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Fayetteville police seize bath salts drug from “smoke shops”

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Despite the fact that North Carolina outlawed the deadly synthetic drug known as “bath salts” on June 1st, it is still being sold. Police in Fayetteville searched seven businesses on Friday, Aug. 19th, and seized hundreds of packages of the so-called “designer” drug.

The scientific name for the chemical is methylenedioxypyrovalerone, or MDPV. Another drug that may be contained in bath salts is mephedrone. The substance can be smoked, snorted or injected. Bath salts are sold blatantly as a substance used to get high, with names such as Bliss and White

Rush, and are also sold under the guise of being plant food.

In an earlier blog I described the shocking psychotic reactions bath salts cause, examples of which include high speed chases, suicides, and murder. Other examples I’ve since found include a man who climbed a flagpole and jumped into traffic, a man who broke into a monastery and stabbed a priest, and a woman who scratched herself “to pieces” over several days because she thought she had something under her skin. Physically, even tiny amounts can cause an overdose, and the reaction can cause death.

The drugs can also have long-lasting effects, and in cases observed in emergency rooms large doses of sedatives cannot bring the patients down from their high. As the director of a poison center in New England said, “Some of these folks aren’t right for a long time.”

The Carolinas Poison Center took more than 300 calls about bath salts in the first 6 months of 2011.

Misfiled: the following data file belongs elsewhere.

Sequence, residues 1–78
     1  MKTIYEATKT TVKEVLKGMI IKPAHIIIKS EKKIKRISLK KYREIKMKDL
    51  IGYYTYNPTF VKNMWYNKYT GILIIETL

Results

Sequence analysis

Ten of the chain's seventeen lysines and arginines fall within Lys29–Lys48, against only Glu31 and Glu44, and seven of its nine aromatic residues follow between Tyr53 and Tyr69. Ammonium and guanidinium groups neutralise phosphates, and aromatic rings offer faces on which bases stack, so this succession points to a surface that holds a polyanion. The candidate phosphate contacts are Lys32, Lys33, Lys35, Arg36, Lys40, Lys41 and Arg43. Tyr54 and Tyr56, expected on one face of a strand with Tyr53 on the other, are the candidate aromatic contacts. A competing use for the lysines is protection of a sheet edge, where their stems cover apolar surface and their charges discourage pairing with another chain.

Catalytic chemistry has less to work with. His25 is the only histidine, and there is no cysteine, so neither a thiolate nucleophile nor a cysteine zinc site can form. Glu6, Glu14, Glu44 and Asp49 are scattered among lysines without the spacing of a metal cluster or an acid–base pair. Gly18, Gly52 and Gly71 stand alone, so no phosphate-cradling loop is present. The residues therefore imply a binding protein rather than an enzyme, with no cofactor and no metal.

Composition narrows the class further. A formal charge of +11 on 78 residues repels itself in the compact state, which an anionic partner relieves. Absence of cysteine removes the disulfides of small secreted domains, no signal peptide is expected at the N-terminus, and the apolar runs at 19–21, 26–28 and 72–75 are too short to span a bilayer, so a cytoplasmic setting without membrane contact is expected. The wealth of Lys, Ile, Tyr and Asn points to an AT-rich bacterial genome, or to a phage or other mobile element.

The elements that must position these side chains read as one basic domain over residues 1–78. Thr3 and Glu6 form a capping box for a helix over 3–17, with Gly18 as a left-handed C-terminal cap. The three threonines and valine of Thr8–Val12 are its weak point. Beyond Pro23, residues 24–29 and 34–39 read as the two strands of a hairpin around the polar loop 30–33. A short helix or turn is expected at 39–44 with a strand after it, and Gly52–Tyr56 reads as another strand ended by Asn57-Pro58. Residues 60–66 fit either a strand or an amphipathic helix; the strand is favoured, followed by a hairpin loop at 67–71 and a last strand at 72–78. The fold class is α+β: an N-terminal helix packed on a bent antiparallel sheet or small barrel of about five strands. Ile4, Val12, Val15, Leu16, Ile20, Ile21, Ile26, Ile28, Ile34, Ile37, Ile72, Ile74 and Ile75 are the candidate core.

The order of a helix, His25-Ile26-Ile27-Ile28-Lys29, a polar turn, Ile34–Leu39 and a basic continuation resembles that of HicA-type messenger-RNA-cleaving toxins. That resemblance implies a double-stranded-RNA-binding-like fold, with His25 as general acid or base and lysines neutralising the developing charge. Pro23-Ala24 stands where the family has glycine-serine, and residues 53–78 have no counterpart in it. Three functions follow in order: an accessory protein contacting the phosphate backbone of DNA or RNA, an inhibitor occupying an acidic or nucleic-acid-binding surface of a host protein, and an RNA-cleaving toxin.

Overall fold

In Fayetteville, police began a sting operation about the time the N.C. law banning the drugs went into effect. Friday’s sweep targeted seven “smoke shops.” The seized substances will now be tested at the state crime lab. If proven illegal, owners and clerks could face criminal charges.

At one of the shops, the Lucky 7 on Bragg Boulevard, police seized packages of a product called “Hypno Tryp.” The owner claimed the substance is compliant with North Carolina law, and that he has documentation from the company he bought it from proving it. “I don’t have a lab where I can test stuff … if it’s good or bad,” he said. “I trust the sales person that comes and sells it to me.”

That sounds like simple callousness and greed. A store owner who sells something called “Hypno Tryp,” the name of which obviously shows it is intended to produce some kind of high, has little concern for the safety of his customers. I can’t believe this one is not aware of the dangers that have been laid at the door of this drug.

According to Fayetteville police Sgt. Todd Joyce, the search warrants executed Friday are “just the tip of the iceberg,” and more searches will be done within the coming weeks.

“Other businesses will start to see that if you are selling these substances and chemical compounds that are in violation based upon what General Assembly enacted, you’re subject to search warrant and seizure of that and criminal charges,” Joyce said.

It is good news that law enforcement in at least one city is cracking down on bath salt sellers. This had become a serious problem in our state. In fact, in April 2011, Carolinas Poison Center was second only to Louisiana in number of calls about bath salts. I hope such investigations are under way elsewhere.